What initially began as a personal Bible/word study for Maryville’s Jonathan Wheatley ultimately became his latest and most time-consuming project — a 389-page book to help Bible scholars and the curious dig deeper into word origins of the Bible.

Christian Faith Publishers in Pennsylvania published “Unique Words of the King James Bible,” which now is available at Barnes and Noble, Amazon and other retail outlets online.

A native of England, Wheatley, 64, has lived in Maryville for 26 years and made his voyage to this country years earlier. He graduated from Open Bible College in Alabama before deciding to go back to school to earn a degree in business, which he did at Maryville College, the year after his son, Josh, also completed his college education there.

A job as a business manager at what was then TRW Koyo in Vonore is what initially brought this family to Maryville. Today, Wheatley is a consultant for TBM Consulting Group, traveling the county and also into Canada. Coronavirus has put a halt to that for now.

How it all began

“How the book came to be is very organic,” Wheatley explained. “I was going through a concordance for Bible study and seeing where words were showing up, and as importantly, seeing where they don’t show up. It began as a comparative analysis of why here and not there?”

From there, Wheatley — like a true business major — created a spreadsheet for his discoveries. He dug deep into the definition of unique words in the Bible, who spoke them and to whom and under what circumstances. His book now contains 199 of those interesting and curious words.

Why not 200? That’s just one more.

The author said when he did his first pass, he had amassed 216 unique words, but pared that down upon further scrutiny and sticking to his criteria for truly unique words. “There was nothing magical or superstitious on the number,” he said.

Any serious Bible student will have his or her concordance handy next to their Bible, Wheatley said. His book, he said, can be more of a reference to that.

“This will not be a book where people will sit around and have a Bible study with it,” the author said. “That is not the audience.”

The book is divided into 199 chapters, each unique word having its own. Wheatley gives readers the history of the word and how it arrived in the King James Bible.

The author dissects words like “addicted” and “purity.” He said addicted didn’t appear in any of the Bibles preceding the KJB. Other unique words dissected in Wheatley’s book include adoption, conformable, handwriting and liberality.

“There are about 22 or 23 words that I have only found in the KJB,” he explained. He said it was William Tyndale who introduced the word “beautiful.” It didn’t exist before 1526, Wheatley said.

Before the King James Bible

Bibles preceding the KJB include the Bishop’s Bible, Matthew Bible and William Tyndale’s Bible. A lot of the words we have in English originated with William Tyndale, Wheatley explained. He includes the spelling of the words that were used in the previous English bibles.

The Tyndale Bible refers to the biblical translations by William Tyndale, who was executed in 1536. This translation is considered the first English translation to work from Hebrew and Green texts. It was the first mass-produced English biblical translation, resulting from advances in printing.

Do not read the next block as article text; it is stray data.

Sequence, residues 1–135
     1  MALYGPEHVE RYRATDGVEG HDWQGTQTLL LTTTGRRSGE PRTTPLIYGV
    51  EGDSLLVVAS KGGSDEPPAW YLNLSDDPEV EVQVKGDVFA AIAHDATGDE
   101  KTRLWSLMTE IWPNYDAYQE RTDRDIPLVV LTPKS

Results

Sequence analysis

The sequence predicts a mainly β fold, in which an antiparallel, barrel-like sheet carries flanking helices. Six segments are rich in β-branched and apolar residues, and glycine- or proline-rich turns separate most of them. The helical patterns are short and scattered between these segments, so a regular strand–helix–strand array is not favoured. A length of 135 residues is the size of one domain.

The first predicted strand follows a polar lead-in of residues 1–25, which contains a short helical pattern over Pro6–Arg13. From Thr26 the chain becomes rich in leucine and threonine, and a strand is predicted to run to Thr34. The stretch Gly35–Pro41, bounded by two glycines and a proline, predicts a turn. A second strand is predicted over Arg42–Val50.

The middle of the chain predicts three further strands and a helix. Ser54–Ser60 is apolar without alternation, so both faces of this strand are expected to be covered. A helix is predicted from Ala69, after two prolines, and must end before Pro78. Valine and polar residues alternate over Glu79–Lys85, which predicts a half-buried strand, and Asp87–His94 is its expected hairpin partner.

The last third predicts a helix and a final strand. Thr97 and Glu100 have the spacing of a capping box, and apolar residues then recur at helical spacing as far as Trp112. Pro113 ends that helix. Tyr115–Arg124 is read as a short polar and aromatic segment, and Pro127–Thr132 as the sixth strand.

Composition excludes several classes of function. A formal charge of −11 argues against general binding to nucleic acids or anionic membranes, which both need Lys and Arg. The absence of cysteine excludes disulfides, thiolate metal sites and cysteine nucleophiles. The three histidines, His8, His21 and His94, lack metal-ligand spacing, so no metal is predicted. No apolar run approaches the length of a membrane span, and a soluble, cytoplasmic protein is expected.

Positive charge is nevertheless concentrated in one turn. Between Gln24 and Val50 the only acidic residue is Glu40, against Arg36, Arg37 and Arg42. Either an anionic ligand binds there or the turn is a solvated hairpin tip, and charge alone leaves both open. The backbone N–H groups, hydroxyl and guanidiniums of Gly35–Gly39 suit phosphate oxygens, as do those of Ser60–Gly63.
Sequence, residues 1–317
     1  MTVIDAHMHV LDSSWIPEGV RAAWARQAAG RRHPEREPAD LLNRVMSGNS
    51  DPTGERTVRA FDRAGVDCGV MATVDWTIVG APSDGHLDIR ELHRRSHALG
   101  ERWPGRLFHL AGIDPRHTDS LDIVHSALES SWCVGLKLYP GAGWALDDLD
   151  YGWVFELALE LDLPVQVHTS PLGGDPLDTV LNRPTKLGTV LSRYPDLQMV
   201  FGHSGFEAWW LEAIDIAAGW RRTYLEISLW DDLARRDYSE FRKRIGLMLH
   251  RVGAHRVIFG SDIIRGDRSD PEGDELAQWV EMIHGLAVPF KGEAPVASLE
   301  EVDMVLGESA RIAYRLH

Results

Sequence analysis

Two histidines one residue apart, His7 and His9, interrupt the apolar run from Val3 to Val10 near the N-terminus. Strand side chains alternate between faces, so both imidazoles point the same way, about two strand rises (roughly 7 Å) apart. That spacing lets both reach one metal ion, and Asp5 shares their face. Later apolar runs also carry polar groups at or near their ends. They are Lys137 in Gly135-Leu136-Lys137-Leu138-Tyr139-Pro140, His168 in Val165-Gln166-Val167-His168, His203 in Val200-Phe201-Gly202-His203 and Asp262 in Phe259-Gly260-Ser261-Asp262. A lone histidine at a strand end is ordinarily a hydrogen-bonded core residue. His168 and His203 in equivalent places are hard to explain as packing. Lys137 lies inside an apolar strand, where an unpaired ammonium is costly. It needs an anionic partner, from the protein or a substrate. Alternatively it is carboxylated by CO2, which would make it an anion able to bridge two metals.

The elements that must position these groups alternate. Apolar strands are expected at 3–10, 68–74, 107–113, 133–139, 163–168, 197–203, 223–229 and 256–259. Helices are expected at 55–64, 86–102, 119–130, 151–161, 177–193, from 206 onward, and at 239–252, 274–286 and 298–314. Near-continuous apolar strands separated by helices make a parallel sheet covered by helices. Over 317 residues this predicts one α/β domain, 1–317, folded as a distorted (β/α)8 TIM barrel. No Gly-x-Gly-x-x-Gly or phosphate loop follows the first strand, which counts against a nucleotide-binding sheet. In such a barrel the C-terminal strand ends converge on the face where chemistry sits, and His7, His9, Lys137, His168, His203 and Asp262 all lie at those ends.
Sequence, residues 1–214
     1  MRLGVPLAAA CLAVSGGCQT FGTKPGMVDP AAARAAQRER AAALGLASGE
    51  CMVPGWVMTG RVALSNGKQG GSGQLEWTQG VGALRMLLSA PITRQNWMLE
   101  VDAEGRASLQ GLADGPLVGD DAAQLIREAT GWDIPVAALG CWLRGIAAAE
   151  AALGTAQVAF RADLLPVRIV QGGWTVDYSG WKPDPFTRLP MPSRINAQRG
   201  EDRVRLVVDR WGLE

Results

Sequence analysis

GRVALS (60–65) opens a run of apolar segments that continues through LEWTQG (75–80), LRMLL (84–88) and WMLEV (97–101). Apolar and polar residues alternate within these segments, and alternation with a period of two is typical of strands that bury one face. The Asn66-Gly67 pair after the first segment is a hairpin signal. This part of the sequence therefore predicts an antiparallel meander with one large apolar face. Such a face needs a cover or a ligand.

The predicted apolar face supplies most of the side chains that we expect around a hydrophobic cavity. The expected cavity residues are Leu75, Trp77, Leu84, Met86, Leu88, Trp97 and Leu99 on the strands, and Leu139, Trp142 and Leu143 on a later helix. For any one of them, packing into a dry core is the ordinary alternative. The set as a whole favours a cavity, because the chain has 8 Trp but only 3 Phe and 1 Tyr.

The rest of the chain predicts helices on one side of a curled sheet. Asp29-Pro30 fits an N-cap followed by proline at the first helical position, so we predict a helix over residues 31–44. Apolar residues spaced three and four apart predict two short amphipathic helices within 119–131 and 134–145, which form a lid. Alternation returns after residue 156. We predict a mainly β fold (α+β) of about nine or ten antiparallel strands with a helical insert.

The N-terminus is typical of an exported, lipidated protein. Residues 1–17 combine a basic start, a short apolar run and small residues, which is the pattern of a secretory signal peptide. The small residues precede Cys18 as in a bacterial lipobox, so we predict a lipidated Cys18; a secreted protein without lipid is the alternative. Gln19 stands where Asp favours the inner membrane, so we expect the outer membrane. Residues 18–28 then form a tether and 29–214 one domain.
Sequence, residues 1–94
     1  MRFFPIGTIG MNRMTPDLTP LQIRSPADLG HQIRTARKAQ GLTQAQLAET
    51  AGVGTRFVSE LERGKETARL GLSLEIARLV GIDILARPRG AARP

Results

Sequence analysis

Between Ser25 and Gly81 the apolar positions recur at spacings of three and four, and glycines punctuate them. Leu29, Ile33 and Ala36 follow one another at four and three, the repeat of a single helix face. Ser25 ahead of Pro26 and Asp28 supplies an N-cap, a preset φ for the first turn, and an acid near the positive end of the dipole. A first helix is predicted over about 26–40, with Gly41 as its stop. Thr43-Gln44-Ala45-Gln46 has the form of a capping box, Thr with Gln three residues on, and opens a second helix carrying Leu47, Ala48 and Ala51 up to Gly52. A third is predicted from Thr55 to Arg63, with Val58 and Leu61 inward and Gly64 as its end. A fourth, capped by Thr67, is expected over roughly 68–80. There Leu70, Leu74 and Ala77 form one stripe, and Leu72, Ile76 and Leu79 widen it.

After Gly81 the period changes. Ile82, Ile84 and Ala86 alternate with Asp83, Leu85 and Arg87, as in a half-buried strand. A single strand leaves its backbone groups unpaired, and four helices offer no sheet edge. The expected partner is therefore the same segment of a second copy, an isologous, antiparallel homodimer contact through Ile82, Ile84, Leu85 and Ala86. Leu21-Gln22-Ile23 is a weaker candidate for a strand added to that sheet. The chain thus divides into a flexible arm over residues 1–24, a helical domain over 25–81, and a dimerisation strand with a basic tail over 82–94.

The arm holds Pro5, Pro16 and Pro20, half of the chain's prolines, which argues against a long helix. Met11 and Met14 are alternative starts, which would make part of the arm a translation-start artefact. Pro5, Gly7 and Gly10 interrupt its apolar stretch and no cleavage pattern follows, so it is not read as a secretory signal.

Tyndale’s was not a complete Bible. It was Miles Coverdale who supplemented Tyndale’s translation to produce the first complete printed Bible in English in 1535.

The Matthew Bible was first published in 1537 by John Rogers, under the pseudonym “Thomas Matthew.”

Wheatley’s interest in the Bible can be traced back to a difficult childhood, when his parents divorced and he came to this country. He said he was bitter over how things had turned out for him; he and his younger sister spent years in foster homes in England until they were able to come to the United States to live with their dad and his new wife. Their mother had abandoned them.

Wheatley said he looked around at others who seemed happy and carefree and wondered why he wasn’t. He said he found that peace and hope after making a profession of faith in God.

“That night I had the best sleep I’d had in years,” Wheatley said.

He reconciled with his mother after he came to this country. He preached her funeral when she passed away in 2015.

pastor for more than 20 years

In addition to his consulting job, this Bible scholar is also associate pastor of Grace Baptist Church in Etowah. He has been preaching there almost as long as he’s been in Maryville. He resides here with wife, Kim. They have a son and two grandchildren.

“I started filling in 23 years ago at the church and I still am,” he said. “It’s been one of my longest gigs.”

The process of researching and writing the book were enjoyed by this author, who is now working on another project. He didn’t, however, find joy in redoing some of his tedious work.

He used spellings of words that were used in the Bibles that came before KJB. Mistakenly, his publishing company left its auto correct on and changed what he would have to spend another month fixing.

“I learned from it but it was painful,” he said.

He is thrilled this project he began back in 2014 has come to fruition. Coronavirus isn’t through throwing him a curve ball, just like with the rest of us, however.

“I will be working a reduced schedule going forward in 2021 which will afford me the opportunity for more research, writing, preaching and teaching,” he said. “And more home time with my wife, Kim; son, Josh; and his wife, Laura, and our precious grandchildren, Elizabeth and Jude.”

Melanie joined The Daily Times in the early 90s and has served as the Life section editor since 1993. A William Blount and UT alum, Melanie is generally the early arriver who turns on the lights in the newsroom.

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